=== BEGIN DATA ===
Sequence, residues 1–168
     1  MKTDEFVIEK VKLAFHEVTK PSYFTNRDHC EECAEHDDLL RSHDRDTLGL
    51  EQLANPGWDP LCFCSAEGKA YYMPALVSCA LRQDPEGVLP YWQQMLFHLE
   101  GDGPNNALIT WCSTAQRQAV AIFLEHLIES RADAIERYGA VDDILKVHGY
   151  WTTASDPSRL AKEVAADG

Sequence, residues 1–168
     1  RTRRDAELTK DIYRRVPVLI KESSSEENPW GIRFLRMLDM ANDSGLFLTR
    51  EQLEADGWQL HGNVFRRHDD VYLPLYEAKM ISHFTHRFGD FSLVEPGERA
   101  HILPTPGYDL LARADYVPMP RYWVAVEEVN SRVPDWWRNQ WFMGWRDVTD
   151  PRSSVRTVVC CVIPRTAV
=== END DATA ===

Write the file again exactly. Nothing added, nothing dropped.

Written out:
Sequence, residues 1–168
     1  MKTDEFVIEK VKLAFHEVTK PSYFTNRDHC EECAEHDDLL RSHDRDTLGL
    51  EQLANPGWDP LCFCSAEGKA YYMPALVSCA LRQDPEGVLP YWQQMLFHLE
   101  GDGPNNALIT WCSTAQRQAV AIFLEHLIES RADAIERYGA VDDILKVHGY
   151  WTTASDPSRL AKEVAADG

Sequence, residues 1–168
     1  RTRRDAELTK DIYRRVPVLI KESSSEENPW GIRFLRMLDM ANDSGLFLTR
    51  EQLEADGWQL HGNVFRRHDD VYLPLYEAKM ISHFTHRFGD FSLVEPGERA
   101  HILPTPGYDL LARADYVPMP RYWVAVEEVN SRVPDWWRNQ WFMGWRDVTD
   151  PRSSVRTVVC CVIPRTAV